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Council Having Trouble Taking Show on Road

Government: Outside of downtown, city owns few places big enough for meetings--and those are often booked up.


The Los Angeles City Council is learning what it must be like to organize a Rolling Stones road show.

Council President John Ferraro's plan to hold regular meetings throughout the city is running into the same problem that big-name rock bands face: finding venues big enough for the events.

The quest is to find city-owned buildings that can hold the 15 lawmakers, their staff, a truckload of television and recording equipment and the 250 or so residents who typically attend meetings.

The idea behind Ferraro's plan to take government on the road was to make it more accessible, addressing the complaint that City Hall is too distant and inaccessible.

But in the vast expanse that is Los Angeles, the city has found that it owns few buildings that are underused and can hold more than 200 people.

Ironically, the few city-owned structures that fit the criteria are in downtown Los Angeles, only blocks from the city's regular council chambers.

"We are scrambling to find the locations because the locations are the hardest thing to find," said Pat Healy, the city clerk's executive officer, who is taking the role of the council's road manager.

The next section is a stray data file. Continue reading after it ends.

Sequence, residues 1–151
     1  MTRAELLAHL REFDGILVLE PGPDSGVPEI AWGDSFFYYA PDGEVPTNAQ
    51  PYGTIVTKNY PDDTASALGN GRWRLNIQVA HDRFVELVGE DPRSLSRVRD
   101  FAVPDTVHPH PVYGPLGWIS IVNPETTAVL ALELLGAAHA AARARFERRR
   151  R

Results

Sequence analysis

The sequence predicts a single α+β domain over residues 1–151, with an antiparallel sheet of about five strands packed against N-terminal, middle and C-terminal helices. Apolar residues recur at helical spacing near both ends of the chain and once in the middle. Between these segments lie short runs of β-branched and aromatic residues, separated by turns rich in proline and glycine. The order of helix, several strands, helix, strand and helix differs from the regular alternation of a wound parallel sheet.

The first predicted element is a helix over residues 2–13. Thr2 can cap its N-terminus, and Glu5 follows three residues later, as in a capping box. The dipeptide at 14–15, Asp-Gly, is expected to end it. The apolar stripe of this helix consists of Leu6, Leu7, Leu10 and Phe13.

At the request of Ferraro, several city departments have created a list of all city-owned meeting rooms. Although the list is long--it includes libraries, municipal buildings and auditoriums--many of the locations are within a few blocks of the existing council chamber or do not have adequate parking or access for the handicapped.

The city's Recreation and Parks Department has several auditoriums and recreation centers that can hold well over 300 people.

Those include the Lake View Terrace Recreation Center (capacity 600), the Westwood Recreation Complex (capacity 575) and the Cabrillo Marine Aquarium in San Pedro (capacity 270).

But to use those facilities, city recreation officials say, they may have to preempt regularly scheduled bingo games or line dancing for senior citizens.

For example, the Friendship Auditorium near Griffith Park can hold 450 people but is regularly rented.

City officials are also considering the use of high school and college auditoriums. Again, the problem is that the council would have to work around the schools' schedules.

Although Ferraro was the lead proponent of the idea, he says that spending too much on the meetings might defeat the purpose of holding them throughout the community.

"I don't think people will appreciate spending a lot of money to bring our dog and pony show to their neighborhood," he said.

This is not the first time the council has talked about holding regular meetings outside of City Hall. And it is not the first time the idea has run into problems.

Two years ago, the City Council quashed a plan to hold four meetings a year outside of downtown, saying that meetings in the past have been costly and poorly attended.

Since then, the council has had a handful of meetings outside of City Hall. But Ferraro believes the idea would be more successful if the council were to hold regular monthly community meetings that were advertised far in advanced and held at a permanent location.

The first meeting under this plan is tentatively scheduled for next month, somewhere near Hollywood--depending on the availability of a meeting site.

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